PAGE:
Since our last visit the service had recruited more staff and there was less reliance on agency staff. Staff demonstrated a good understanding of people’s needs and people responded positively to them. One staff member told us, "Staff are more content. They are able to support people without being rushed." One person told us, "Staff do a great job. It’s a very demanding role and they are very caring.”

Staff told us that new staff were now receiving an induction to the service and spoke positively about the support from the new management team.

Inspection carried out on 12 August 2013

During a routine inspection

Two inspectors visited Brandon House Nursing Home on 12 August 2013. The inspection was part of our annual inspection programme as well as to check concerns we had received about the service. The manager and deputy manager had left their positions in the three weeks prior to our visit. A manager from another home in the provider group had taken up the role of manager until a new manager had been appointed. They were being supported by the group's Quality Assurance Manager.

People at the home had very complex needs and were unable to tell us about their experiences. We closely observed the care provided to people and looked at associated records. We found there were improvements needed in all five of the standards we reviewed.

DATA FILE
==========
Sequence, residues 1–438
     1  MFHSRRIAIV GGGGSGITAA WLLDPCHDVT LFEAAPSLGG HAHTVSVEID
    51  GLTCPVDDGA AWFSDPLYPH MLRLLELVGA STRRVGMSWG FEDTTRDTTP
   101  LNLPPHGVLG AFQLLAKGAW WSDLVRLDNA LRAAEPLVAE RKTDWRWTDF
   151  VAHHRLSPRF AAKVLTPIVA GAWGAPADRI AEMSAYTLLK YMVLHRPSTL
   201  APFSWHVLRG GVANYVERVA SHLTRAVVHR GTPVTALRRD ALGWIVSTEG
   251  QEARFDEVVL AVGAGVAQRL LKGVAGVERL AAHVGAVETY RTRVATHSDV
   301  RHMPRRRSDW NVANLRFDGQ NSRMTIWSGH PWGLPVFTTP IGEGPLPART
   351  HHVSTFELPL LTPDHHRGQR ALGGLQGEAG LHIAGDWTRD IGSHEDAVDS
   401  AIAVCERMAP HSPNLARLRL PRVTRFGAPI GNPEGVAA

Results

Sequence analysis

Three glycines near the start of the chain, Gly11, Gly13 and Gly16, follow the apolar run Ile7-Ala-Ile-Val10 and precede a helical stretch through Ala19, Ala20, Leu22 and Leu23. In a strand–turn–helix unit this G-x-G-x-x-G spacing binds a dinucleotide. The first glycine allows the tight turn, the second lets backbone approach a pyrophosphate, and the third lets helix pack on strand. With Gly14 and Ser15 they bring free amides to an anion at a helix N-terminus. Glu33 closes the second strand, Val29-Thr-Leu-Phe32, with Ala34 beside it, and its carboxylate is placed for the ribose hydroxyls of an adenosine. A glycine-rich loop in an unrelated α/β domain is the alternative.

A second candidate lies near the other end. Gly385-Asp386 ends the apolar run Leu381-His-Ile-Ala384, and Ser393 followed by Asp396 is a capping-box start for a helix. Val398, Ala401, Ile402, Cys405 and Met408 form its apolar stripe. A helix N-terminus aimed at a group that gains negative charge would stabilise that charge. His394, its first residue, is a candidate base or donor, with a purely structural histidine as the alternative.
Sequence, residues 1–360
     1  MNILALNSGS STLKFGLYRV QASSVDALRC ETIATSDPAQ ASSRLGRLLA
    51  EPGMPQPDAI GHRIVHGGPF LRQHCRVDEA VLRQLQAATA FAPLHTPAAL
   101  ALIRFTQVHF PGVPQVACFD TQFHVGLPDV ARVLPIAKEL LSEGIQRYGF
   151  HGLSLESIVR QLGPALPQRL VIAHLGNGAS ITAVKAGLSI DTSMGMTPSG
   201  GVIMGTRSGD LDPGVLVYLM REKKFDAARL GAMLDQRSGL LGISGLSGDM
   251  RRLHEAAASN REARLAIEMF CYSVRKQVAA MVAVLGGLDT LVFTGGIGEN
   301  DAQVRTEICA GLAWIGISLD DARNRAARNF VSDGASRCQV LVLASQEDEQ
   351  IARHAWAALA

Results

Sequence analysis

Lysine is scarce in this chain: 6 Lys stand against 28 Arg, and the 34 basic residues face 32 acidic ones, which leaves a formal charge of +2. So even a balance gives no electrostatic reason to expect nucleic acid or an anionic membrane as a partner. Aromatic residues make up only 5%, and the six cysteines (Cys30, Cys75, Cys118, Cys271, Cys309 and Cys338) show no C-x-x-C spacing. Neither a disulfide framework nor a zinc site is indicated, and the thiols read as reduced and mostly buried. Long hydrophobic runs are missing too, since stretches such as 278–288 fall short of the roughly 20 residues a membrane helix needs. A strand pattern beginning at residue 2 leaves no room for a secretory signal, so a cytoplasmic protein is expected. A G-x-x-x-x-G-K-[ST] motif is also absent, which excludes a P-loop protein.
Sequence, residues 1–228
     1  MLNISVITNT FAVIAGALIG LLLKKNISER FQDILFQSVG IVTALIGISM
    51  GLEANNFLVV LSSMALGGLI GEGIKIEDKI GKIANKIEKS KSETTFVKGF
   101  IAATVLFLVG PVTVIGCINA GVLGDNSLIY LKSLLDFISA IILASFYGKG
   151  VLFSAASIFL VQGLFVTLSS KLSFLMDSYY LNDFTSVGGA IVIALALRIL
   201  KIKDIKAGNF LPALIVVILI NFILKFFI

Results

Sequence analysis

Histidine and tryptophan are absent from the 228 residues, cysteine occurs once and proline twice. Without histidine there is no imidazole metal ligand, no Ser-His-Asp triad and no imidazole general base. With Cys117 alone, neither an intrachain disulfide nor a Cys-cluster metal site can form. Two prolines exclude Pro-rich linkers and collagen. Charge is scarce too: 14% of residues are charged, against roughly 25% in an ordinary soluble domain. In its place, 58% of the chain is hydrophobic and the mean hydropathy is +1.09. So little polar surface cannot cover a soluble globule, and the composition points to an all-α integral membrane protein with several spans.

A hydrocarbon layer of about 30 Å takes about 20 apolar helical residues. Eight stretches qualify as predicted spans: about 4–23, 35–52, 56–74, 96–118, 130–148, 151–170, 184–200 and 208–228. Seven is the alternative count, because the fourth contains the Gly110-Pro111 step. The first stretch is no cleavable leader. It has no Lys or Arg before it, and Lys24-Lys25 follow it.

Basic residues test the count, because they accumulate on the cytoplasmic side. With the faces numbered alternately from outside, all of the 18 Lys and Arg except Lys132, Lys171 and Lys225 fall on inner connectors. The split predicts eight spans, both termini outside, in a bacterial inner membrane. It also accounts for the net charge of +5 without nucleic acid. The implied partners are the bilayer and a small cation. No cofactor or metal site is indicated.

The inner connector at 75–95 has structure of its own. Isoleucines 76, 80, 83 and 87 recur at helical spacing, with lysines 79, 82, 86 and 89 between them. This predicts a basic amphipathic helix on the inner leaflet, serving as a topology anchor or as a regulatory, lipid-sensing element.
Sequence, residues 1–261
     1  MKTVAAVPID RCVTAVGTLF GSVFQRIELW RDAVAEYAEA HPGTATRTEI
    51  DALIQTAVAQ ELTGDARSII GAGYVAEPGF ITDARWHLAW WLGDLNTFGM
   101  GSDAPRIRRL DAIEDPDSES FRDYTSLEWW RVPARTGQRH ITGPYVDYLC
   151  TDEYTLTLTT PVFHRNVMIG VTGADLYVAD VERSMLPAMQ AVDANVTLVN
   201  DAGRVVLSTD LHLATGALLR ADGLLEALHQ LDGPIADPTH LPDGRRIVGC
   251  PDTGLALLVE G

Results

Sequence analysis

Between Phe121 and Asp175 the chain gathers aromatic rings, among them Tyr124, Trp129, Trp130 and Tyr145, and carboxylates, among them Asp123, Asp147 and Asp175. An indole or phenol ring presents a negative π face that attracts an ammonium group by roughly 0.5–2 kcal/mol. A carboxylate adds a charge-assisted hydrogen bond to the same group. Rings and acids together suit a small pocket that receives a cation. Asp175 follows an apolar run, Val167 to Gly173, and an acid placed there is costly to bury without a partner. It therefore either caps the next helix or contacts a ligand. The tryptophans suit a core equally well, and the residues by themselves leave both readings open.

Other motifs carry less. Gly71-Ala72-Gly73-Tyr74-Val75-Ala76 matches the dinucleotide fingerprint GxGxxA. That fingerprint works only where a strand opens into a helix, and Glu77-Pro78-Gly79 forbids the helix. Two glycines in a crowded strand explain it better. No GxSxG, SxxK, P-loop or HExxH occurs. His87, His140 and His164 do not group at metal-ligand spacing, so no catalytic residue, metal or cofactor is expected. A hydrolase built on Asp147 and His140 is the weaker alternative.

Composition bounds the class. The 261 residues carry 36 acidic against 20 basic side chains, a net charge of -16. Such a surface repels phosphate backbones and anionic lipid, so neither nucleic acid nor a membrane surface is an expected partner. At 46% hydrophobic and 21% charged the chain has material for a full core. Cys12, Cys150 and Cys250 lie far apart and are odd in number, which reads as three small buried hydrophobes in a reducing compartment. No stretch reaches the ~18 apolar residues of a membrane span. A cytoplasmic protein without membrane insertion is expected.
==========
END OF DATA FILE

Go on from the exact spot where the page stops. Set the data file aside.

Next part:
Care records were not always accurate and did not demonstrate that people's care and treatment needs were being effectively and safely managed. Action was not taken when it had been identified people had lost significant amounts of weight.

The service had to use a high level of agency staff as they did not have sufficient numbers of staff to cover all the shifts on the rota. We were concerned there were insufficient nursing staff to meet the needs of people at night.

Arrangements to minimise the risk of infection in the home were not always being followed by staff.

Inspection carried out on 16 August 2012

During a routine inspection

This was the first inspection of this service since it was taken over by a new provider in October 2011.

We made an unannounced visit to this care home on 16 August 2012.

We spoke with ten of the 34 people using the service at the time of our inspection and one of their relatives. People spoken with told us they were satisfied with the care they received. Their comments included,

“They are friendly”

“There usually seems to be enough staff. Some staff are more caring than others.”

” I feel safe here.”

We spoke with the registered manager, the deputy manager, two nurses and three care staff. We looked at some records relating to the running of the home, such as the staff duty rota and training records.

Some people using the service had complex care needs, which meant they might have difficulty talking to us about their experiences. We spent time in one of the lounges closely observing people’s experience. We looked at their mood, how they spent their time and how staff interacted with them.

Overall we found that Brandon House was providing effective care and support to meet the needs of people using the service.